Contact precautions, which are routinely used in hospitals to prevent the spread of drug-resistant bacteria between healthcare workers and patients, mandate the use of disposable gowns and gloves by healthcare workers for all patient contact when a patient is in contact isolation. The impact of CP on patients' psyches has been debated by experts and weighed against the desire to stop the spread of healthcare-acquired infections (HAIs).
For example, a large retrospective cohort study found that those patients under contact precautions were much more likely to have made a complaint while in the hospital [Stelfox, et al. (2003)].  A recent case-control study used the Hospital Consumer Assessment of Healthcare Professionals and Systems (HCAHPS) questionnaire to measure inpatient satisfaction. Patients overall evaluation of the hospitalization was not affected by contact precautions; however, some HCAHPS measures were lower in patients under contact precautions [Gasink, et al. (2008)].  Another study of inpatients demonstrated an association between various forms of barrier precautions and lower HCAHPS scores for physician communication and staff responsiveness [Vinski, et al. (2012)].

As public reporting of patient satisfaction and patient outcomes becomes a national priority linked to hospital reimbursement, this study provides insight into how healthcare workers must balance evidence-based practice with a focus on patient satisfaction, says Preeti Mehrotra, MD, lead author of the study published in the October 2013 issue of Infection Control and Hospital Epidemiology. By creating a physical barrier, contact precautions may modify how healthcare workers interact with patients, affecting the patient experience and the perception of how care is delivered.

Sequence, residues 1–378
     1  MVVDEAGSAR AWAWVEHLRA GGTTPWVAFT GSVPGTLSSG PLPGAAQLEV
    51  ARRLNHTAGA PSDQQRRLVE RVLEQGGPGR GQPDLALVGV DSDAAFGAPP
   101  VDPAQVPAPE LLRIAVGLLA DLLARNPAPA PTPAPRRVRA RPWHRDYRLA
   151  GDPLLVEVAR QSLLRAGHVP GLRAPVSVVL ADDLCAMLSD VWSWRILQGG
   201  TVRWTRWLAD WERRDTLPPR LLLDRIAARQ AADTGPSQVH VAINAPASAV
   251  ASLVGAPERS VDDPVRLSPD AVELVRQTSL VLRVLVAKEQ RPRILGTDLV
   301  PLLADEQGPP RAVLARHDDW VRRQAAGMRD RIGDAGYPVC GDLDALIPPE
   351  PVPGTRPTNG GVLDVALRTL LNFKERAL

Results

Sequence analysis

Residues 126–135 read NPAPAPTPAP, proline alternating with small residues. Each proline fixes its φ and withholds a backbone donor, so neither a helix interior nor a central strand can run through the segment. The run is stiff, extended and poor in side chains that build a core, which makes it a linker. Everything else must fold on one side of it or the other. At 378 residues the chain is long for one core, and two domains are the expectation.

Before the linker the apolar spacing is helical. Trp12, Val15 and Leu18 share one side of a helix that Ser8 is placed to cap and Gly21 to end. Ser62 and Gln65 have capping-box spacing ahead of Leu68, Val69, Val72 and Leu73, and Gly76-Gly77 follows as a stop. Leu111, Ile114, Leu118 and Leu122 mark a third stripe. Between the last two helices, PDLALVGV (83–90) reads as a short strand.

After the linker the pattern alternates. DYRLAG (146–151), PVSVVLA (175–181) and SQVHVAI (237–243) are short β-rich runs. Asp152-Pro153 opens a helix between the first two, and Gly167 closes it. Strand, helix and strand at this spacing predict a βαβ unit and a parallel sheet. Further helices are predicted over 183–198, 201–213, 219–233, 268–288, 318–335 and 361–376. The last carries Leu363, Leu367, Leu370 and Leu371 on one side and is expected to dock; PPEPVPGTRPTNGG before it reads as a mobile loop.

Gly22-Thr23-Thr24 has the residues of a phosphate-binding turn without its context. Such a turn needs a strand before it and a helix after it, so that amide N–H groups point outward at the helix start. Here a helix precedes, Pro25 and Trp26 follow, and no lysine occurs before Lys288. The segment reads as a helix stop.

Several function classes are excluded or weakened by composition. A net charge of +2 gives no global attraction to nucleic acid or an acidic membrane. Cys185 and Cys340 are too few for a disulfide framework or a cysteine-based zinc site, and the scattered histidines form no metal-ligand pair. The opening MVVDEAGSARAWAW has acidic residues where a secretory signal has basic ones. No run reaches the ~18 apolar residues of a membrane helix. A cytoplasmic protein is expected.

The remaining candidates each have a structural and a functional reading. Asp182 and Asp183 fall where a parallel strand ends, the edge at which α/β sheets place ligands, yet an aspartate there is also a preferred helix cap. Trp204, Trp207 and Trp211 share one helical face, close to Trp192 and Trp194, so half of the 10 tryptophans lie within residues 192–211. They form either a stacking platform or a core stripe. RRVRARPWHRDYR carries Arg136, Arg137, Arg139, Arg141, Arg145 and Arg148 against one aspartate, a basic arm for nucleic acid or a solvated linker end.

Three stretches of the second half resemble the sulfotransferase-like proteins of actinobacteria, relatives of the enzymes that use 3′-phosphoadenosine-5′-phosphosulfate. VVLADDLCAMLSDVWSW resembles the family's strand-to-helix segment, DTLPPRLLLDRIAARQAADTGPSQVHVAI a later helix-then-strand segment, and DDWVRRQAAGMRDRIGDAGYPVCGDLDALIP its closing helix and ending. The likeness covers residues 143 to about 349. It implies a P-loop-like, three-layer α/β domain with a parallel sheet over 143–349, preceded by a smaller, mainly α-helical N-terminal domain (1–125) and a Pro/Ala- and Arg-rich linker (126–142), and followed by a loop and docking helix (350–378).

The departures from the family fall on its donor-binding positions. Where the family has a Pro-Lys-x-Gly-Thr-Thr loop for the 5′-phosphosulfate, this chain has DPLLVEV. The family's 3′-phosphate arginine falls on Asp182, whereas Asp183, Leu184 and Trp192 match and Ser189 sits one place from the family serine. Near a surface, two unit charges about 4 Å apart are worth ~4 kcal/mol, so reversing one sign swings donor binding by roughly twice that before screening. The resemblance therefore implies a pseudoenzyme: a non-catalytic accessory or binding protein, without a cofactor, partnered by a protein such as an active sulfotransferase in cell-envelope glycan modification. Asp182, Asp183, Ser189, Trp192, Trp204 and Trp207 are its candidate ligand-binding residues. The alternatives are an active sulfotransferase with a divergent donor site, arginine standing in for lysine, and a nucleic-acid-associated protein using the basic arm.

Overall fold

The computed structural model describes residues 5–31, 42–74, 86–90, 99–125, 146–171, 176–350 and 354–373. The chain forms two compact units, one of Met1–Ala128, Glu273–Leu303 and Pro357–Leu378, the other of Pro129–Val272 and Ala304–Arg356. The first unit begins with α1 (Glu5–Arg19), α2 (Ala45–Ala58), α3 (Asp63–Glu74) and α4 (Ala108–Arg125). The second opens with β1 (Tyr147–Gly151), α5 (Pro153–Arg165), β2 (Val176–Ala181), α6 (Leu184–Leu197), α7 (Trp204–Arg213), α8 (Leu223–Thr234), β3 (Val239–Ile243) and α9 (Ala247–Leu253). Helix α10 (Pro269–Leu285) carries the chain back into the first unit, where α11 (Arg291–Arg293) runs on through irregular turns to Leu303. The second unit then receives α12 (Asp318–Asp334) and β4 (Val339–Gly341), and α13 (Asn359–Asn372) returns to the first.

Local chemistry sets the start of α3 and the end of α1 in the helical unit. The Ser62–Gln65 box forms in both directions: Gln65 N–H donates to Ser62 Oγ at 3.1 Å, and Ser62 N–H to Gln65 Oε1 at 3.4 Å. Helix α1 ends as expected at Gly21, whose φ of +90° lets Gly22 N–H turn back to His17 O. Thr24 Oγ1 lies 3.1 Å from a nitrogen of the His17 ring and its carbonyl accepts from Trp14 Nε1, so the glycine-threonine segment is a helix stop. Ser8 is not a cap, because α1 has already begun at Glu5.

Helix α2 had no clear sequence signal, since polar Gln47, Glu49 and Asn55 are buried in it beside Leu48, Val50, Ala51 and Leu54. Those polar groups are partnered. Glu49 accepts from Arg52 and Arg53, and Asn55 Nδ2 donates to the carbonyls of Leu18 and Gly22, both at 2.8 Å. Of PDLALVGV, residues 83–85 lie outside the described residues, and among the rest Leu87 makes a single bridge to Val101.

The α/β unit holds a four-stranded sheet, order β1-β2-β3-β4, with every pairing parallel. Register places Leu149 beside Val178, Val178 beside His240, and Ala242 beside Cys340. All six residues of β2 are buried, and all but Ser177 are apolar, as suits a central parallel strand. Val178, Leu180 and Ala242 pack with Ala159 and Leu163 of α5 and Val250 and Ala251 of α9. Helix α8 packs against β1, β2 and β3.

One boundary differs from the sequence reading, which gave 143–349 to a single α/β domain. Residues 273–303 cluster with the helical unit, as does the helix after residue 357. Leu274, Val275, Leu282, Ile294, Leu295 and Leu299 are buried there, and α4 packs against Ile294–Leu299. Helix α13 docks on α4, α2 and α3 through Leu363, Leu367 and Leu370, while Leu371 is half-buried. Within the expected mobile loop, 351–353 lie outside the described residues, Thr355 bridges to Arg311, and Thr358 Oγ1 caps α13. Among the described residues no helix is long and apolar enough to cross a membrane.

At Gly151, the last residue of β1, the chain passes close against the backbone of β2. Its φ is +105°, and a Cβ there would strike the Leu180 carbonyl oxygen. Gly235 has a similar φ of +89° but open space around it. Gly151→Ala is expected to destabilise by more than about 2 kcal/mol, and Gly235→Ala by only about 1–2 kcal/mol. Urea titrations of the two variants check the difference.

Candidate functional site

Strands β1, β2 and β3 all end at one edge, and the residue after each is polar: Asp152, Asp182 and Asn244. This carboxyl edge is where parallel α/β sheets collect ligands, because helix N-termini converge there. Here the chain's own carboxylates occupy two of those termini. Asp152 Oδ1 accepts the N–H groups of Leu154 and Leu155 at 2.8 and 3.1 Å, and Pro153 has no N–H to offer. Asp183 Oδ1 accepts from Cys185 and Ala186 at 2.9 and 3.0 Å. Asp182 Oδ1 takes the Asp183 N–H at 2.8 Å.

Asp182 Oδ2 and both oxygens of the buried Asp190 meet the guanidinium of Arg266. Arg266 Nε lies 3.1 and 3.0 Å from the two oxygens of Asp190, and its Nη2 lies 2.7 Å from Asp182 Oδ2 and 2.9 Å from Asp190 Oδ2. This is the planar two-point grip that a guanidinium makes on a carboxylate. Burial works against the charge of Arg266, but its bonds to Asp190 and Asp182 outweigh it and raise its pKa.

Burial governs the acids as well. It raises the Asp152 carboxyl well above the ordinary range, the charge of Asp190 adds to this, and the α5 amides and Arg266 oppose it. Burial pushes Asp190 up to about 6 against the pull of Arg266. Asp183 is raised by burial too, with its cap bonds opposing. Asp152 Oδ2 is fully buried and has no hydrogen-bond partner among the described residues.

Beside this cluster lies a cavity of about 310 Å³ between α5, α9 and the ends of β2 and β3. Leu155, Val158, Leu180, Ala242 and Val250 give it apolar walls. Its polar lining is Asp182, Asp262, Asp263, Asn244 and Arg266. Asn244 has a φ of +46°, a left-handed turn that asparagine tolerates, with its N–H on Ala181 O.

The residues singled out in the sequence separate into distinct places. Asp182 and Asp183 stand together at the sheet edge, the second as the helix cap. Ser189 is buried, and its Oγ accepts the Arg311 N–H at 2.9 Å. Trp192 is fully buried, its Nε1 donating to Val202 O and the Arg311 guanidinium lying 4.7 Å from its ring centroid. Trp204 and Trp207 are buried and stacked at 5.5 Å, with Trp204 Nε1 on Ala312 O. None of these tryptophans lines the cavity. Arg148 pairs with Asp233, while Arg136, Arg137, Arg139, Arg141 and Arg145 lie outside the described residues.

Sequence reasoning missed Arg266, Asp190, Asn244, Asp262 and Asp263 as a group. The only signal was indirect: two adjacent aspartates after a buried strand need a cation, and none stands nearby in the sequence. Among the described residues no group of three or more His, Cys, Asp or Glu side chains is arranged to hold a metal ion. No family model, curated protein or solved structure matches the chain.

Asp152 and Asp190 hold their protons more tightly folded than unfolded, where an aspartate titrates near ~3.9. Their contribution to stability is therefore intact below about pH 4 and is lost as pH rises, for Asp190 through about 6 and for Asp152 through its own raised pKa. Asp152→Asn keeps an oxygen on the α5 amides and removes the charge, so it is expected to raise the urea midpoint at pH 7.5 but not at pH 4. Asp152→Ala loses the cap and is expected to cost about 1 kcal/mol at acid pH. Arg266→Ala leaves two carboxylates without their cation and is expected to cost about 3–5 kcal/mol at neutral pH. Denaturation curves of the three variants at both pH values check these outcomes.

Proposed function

Studies have shown that by creating a physical barrier, contact precautions may modify how healthcare workers interact with patients, thereby affecting patients experience of care. (Morgan, et al. 2009) In addition, several studies have demonstrated that use of contact precautions has been associated with decreased healthcare worker visits, increased adverse events, and depression among inpatients. [Morgan, et al., 2009; Evans, et al. (2003); Stelfox, et al. (2003); Day, et al. (2012); Morgan, et al. (2013)]